sense of calm will undoubtedly encourage better behaviour and a feeling of well-being amongst residents and staff. Carpet on the floor will reduce the impact of foot traffic and will absorb sound as well as provide opportunities for decorative treatments. We have also found that rough wall finishes such as fair faced brickwork with raked joints (used sparingly) can be very successful at breaking up reflected sound waves and so reducing noise levels; but should only be used in locations where there is no risk of self-harming. Ceilings are difficult to deal with but we have successfully used timber slats set about 10 mm apart with an acoustic sound absorbing mat in the cavity behind. A proportion of the sound goes through the gaps and is not reflected back into the space. Timber is a warm material and can be left natural or stained in any colour. Ventilation of spaces with windows on only one face never works very well. In addition, open windows are an invitation to those with a tendency to ‘escape’. There is a lot to be said for high level windows which can only be opened and closed by staff. They are out of reach of escapees and can be located so as to encourage cross ventilation. It is important for residents’ well-being to live in a building that has a freshness about it. I am sure we are all only too familiar with the smell of an institutional building. A further aspect of ventilation that I want to touch on (which came to light in a feedback study) is mechanical ventilation in bathrooms. It is not enough to work to extract rates dictated by building regulations and other regulating authorities. After six or more residents have taken a shower in a space of half an hour or so, the walls will be running with condensation and the carers are left with a bathroom that is literally dripping. Complain to the mechanical engineer and he will simply say that he has designed to meet the building regulations. But it is not good enough and is something that has to be flagged up in the brief for special attention. Heating has been a problem area for many years. Traditional radiators have to a large extent been replaced by low surface temperature radiators with the advent of stricter health and safety legislation. Both have inviting gaps behind them which are ideal for ‘posting’ a variety of objects such as clothes, toothbrushes, toys and so on. Low surface temperature radiators are ideal for jumping off but are also ugly and bulky. They should, in my opinion, be avoided at all costs. Underfloor heating is, without doubt, the preferred option. It is an invisible heating system which takes no space, has no sharp corners and provides comfort conditions in a well insulated building without the need for any back-up heating. It is often criticised for having a slow response and this is true to an extent. But properly zoned and with the timers set to match hours of occupancy, it works exceptionally well. One word of caution is that if you have any intention of screwing furniture or other items to the floor, special provision is recommended to avoid a screw penetrating a water pipe. Lighting is something that can make or break a building and it takes a great deal of careful thought and selection of light fittings to get it right. Electrical engineers commonly do the lighting and usually show you some pictures of light fittings they have chosen out of a catalogue. Their main concern is whether the recommended lighting levels are achieved but this has nothing to do with ambience, flexibility and the overall quality that good lighting can add to a building. This is where a specialist lighting designer can make a real contribution. Care should be taken to avoid flickering fluorescent lighting as this can be disturbing to people with ASD. Compact fluorescent is acceptable but the specification always needs to be checked to make sure that fittings are fitted with the appropriate diffusers.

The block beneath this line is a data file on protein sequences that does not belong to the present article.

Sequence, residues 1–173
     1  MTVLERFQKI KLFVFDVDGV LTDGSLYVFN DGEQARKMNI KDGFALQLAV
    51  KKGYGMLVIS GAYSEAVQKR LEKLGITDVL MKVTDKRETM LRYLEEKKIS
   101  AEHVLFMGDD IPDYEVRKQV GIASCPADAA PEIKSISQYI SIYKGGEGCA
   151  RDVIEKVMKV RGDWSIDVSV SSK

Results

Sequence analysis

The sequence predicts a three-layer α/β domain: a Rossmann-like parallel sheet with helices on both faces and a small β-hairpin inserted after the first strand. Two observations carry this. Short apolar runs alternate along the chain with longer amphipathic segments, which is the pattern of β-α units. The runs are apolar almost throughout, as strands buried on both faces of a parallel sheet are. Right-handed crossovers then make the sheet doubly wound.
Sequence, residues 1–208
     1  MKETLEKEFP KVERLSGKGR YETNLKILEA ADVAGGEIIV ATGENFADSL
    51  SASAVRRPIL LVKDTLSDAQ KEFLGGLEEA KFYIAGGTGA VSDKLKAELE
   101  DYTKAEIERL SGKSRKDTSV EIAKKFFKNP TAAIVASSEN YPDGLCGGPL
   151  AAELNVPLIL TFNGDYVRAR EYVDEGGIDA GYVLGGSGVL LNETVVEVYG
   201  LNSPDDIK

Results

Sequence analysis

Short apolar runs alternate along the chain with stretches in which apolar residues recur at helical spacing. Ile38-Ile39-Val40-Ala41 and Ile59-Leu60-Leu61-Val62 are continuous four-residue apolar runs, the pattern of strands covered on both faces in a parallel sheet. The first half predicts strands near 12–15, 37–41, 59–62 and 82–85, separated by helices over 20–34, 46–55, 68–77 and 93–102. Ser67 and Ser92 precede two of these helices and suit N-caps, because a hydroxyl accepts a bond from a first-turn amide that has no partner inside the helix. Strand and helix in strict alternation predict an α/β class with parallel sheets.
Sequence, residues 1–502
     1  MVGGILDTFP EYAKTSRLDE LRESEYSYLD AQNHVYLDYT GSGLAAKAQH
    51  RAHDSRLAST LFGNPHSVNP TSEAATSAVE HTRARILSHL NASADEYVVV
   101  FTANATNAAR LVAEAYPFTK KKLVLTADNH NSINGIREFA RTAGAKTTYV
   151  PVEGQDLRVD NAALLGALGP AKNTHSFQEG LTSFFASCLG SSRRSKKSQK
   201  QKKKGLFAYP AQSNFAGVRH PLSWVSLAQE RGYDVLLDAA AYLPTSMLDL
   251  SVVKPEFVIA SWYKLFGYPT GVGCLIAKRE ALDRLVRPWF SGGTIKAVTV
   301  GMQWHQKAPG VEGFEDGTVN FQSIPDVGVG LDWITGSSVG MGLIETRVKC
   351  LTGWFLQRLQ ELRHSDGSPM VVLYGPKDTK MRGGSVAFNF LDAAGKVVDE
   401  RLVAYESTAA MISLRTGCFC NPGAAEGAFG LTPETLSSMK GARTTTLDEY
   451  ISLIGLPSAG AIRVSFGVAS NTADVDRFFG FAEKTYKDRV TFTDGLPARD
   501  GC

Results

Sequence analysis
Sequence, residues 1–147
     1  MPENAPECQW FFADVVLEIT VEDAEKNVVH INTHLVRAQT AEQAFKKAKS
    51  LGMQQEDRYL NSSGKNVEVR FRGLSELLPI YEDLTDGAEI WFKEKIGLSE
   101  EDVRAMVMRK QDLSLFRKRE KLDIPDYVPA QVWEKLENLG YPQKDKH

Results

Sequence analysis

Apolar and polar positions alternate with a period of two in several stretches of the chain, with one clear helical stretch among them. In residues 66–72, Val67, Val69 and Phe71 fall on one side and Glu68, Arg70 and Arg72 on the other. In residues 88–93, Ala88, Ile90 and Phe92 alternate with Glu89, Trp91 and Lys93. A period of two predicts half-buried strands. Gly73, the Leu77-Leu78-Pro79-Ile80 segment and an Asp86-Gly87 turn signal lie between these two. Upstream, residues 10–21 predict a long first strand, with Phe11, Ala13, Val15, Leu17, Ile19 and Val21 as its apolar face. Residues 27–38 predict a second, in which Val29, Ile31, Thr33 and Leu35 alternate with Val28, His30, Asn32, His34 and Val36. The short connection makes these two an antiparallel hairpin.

It is common for children and adults with ASD to sleep with the light on but a lighting level suitable for waking hours may not be suitable at night. Flexibility is the key here so that the lighting level can be reduced. One possibility is to achieve this by means of a dimmer or scene-setter but these are usually fragile mechanisms and are easily damaged. It is a difficult problem which I have yet to solve. We have also been asked for flexibility in the design of lighting for common areas. Care staff have indicated that as it gets nearer to bedtime, it would be a great benefit to be able to reduce the lighting level to encourage a sense of quiet as preparation for sleep. Interestingly, although the day is usually highly structured, it is less common to have a hard and fast bedtime as a single rebel can cause a group protest with alarming results. The concept of voluntary bedtime, albeit encouraged by ‘mood’ lighting seems to be much preferred. Colour can play an important part in the ‘feel’ of a building. It is a big subject which I will not embark on in any detail. Suffice it to say that there are neutral colours, calming colours, disturbing and stimulating colours. Careful choices have to be made to ensure a good balance between the common and private spaces. It is a good idea to encourage residents to choose the colour for their room from an approved range. Planning and layout will dictate how the building works and is used. Space and perhaps the ‘sense of space’ is the critical consideration. A space 5 x 3 metres which is 3.5 metres high will have a greater ‘sense of space’ than a space 5 x 3 metres with a 2.5 metre high ceiling. That is a crude example but we have found that sloping ceilings combined with curved walls can create not only a greater ‘sense of space’ but also a more interesting space to move around in. The most difficult space is the corridor. We have banished the corridor from our buildings and even the word is now outlawed. Of course there has to be a means of getting from A to B but we prefer to call that the circulation space. It has to be an interesting space, not just a box shape, and should be multi-functional. We have effectively turned the circulation space into a play space that provides access to bedrooms, activity rooms or whatever. But they also contain hinged toy or storage boxes which double as bench seats. The children have invented their own way to use this space and have, as expected, turned it into a play space with the result that the living room is left to those wanting to watch television, look at books or play board games. Another activity that has developed is that the circulation space is also used at bedtime for story reading with children grouped around sitting on the bench seats and on bean bags. So the institutional corridor has been turned into a social and activity space; one might almost call it the focal point of the building. There is no doubt that the children feel liberated by the sense of freedom this space offers them. A simple layout with unfussy detailing and easily understood materials and colours are much preferred. Anything too complex will confuse. Easy recognition of spaces and rooms is essential and this can be determined by carpet colours and the way spaces flow from one to another. We have found that curved walls help some children to move through the building as they like to follow the curve and avoid sudden corners. Maintenance is a constant problem in an environment where challenging behaviour is prevalent. There are two schools of thought. Either use materials that are so robust that they are virtually indestructible. These will tend to be unfriendly in appearance and costly to repair if they do get damaged. Or use friendly materials that are easy and cheap to repair although they may have to be repaired more often. If our mission is to provide environments that are as much like home as possible, there is no doubt in my mind that the latter solution is much preferred. I don’t know how many facilities managers will agree with me!